LONDON, Aug. 8 (UPI) -- British Deputy Prime Minister Nick Clegg says renewable energy will remain a key part of the country's energy policy despite reports of government infighting.
Clegg, appearing Monday at an energy conference in London, declared the renewable energy sector "is vital to encouraging investment" in Britain and revealed $156 million in funding to help attract backing for energy efficiency projects.
"The U.K. is the sixth-largest market in low-carbon goods and environmental services and this coalition government is unreservedly committed to helping our low carbon sector thrive," Clegg said. "We seek nothing less than a clean, green, low carbon economy."
The remarks came two weeks after Conservative Party and Liberal Democrat Cabinet members announced an agreement under which subsidies to onshore wind power developments will be cut 10 percent rather than the 25 percent reportedly sought by Chancellor George Osborne.
The government has committed to lowering greenhouse gas emissions by at least 34 percent by 2020 and by 80 percent by 2050.
A leaked letter from Osborne to Energy and Climate Change Secretary Ed Davey revealed the Tory finance minister is demanding Britain become a "natural gas hub" -- a move that would push aside the Liberal Democrats' goal of virtually "decarbonizing" the power sector by 2030.
Clegg, however, downplayed the disagreements Monday, the BBC reported.
"The coalition is sometimes presented in the press as if it is riddled with debate and division with regard to greening the economy," he said. "That isn't the case. Yes, there will be internal discussions and debates on the balance and sequencing of different policies -- that's the nature of any government -- and energy policies will evolve over time as costs come down.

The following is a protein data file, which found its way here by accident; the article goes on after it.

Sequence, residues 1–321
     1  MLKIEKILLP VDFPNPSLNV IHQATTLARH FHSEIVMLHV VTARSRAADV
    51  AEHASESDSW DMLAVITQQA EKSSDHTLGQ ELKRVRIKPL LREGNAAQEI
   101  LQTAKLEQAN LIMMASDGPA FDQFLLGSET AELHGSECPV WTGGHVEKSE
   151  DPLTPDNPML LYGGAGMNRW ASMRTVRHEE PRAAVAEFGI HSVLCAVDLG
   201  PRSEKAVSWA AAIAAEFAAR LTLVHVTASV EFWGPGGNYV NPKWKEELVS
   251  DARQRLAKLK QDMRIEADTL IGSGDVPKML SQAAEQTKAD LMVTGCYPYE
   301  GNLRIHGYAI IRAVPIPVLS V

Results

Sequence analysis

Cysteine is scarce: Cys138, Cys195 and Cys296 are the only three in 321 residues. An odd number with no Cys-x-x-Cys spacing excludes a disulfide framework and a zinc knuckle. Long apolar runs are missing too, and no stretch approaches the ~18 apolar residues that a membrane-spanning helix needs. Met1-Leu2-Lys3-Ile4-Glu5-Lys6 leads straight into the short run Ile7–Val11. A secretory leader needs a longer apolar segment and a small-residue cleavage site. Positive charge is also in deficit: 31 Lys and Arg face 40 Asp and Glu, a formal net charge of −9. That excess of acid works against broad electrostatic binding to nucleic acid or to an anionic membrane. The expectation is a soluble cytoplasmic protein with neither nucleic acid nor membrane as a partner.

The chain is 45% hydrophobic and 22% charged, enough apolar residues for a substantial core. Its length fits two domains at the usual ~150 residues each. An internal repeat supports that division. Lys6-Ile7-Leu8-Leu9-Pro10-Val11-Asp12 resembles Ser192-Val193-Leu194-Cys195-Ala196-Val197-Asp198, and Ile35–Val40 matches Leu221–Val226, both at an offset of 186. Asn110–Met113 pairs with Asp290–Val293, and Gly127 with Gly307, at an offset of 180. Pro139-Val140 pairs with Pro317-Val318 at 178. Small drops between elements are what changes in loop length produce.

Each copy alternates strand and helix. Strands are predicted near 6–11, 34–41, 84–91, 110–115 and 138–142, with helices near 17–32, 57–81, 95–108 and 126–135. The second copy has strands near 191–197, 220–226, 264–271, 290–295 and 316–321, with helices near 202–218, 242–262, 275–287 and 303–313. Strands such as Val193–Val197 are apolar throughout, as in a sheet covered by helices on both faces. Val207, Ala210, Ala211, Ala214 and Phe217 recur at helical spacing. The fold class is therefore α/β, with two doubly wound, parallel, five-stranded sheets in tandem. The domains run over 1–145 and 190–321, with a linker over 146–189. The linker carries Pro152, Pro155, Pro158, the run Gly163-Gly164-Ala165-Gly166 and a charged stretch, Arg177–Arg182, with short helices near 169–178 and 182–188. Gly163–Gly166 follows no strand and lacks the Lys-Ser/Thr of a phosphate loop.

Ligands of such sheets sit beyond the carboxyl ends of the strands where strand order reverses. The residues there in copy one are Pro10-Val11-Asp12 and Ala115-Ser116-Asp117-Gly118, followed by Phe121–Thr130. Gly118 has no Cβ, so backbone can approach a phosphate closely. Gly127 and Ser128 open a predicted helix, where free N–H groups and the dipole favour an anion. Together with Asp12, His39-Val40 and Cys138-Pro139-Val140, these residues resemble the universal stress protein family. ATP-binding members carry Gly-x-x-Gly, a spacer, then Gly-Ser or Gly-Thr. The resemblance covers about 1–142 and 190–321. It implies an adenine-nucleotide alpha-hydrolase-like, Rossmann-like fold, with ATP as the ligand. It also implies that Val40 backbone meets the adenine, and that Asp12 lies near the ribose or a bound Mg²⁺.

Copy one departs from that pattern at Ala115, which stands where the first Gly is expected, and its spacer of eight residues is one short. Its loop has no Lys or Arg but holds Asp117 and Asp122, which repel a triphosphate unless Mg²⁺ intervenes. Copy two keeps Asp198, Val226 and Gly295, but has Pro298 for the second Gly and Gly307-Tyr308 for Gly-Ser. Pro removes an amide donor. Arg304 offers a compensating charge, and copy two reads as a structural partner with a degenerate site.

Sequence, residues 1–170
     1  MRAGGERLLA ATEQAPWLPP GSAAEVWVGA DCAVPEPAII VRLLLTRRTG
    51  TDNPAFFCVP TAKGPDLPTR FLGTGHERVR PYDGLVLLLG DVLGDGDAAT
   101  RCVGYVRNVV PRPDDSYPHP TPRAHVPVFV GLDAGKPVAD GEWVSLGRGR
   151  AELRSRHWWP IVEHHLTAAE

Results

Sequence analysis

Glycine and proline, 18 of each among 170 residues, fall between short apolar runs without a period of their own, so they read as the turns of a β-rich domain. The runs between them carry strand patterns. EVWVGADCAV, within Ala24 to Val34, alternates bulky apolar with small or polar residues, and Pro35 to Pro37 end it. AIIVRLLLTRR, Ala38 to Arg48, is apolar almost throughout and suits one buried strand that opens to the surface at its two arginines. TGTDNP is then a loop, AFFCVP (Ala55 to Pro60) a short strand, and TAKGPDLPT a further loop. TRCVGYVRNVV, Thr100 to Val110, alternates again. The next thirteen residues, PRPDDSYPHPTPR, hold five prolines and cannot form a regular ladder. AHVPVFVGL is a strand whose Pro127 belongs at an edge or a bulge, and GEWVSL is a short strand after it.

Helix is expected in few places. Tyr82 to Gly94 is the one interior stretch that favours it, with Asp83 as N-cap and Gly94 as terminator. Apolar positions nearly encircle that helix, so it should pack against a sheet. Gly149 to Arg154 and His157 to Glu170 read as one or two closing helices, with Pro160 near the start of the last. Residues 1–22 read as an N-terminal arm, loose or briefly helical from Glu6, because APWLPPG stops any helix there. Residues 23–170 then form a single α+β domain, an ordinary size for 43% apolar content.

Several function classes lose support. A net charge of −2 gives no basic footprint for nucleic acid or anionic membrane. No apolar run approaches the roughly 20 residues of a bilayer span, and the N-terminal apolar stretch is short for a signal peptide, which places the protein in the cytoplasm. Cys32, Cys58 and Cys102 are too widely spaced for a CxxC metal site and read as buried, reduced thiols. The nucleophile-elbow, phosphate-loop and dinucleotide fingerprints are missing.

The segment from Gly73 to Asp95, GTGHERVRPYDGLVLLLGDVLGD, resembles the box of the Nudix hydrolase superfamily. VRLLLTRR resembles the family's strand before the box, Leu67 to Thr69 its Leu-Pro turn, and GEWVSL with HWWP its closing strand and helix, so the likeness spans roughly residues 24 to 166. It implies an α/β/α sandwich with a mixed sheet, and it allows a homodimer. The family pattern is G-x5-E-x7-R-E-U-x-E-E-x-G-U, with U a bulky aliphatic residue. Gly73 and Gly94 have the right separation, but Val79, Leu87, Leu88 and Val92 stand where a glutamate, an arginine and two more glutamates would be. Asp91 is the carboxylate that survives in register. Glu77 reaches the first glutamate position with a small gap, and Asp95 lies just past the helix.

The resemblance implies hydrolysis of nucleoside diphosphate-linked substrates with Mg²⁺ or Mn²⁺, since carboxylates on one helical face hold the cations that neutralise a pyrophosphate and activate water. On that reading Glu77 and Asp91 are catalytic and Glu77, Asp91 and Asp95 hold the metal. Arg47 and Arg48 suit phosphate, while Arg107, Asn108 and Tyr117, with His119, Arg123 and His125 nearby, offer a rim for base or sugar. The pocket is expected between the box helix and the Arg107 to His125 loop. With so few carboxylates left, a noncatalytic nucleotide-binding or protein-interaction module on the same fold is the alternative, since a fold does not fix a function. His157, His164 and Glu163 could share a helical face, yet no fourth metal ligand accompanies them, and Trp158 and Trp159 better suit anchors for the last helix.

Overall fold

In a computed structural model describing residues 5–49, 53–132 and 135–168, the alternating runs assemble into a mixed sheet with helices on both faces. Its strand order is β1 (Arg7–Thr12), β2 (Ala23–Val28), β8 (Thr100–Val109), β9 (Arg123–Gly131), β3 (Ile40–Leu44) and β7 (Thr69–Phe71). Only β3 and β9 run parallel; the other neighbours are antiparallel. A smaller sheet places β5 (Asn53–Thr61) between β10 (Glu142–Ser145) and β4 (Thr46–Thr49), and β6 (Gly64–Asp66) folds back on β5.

"The entire government is working within the parameters of the carbon budget, which sets the pace for decarbonizing our economy, and there is no one in government who wants to depart from that."
Davey, too, pushed back against critics who contend his Conservative coalition partners are derailing efforts to develop and finance alternative energy sources.
"The U.K. government is taking the necessary steps to develop a secure, clean energy mix, and this is opening up massive, long-term investment opportunities," he said.
The measure revealed Monday would add $156 million to funds managed by Equitix and Sustainable Development Capital, which have been set up to precede next year's opening of Britain's Green Investment Bank, which will have headquarters in Edinburgh, Scotland.
The government at the same event revealed the Dagenham, Essex, company Closed Loop Recycling will double its capacity, spending $19 million to keep and create 100 jobs, while the Spanish engineering firm Grupotec will expand its British solar business in Surrey, the Financial Times reported.
Clegg's speech brought praise from Nick Molho, head of energy policy at WWF-UK.
"It's heartening to hear a senior member of the government give such unequivocal support for the green economy, although Nick Clegg's suggestion that there's no division in the coalition over the issue is slightly difficult to believe."
But, Molho warned, the "big test" of the government's commitment will come this fall when it will need to deliver on commitments to decarbonize the energy sector by 2030.
"What we really need to see now is unity within the government and leadership from the top," he said.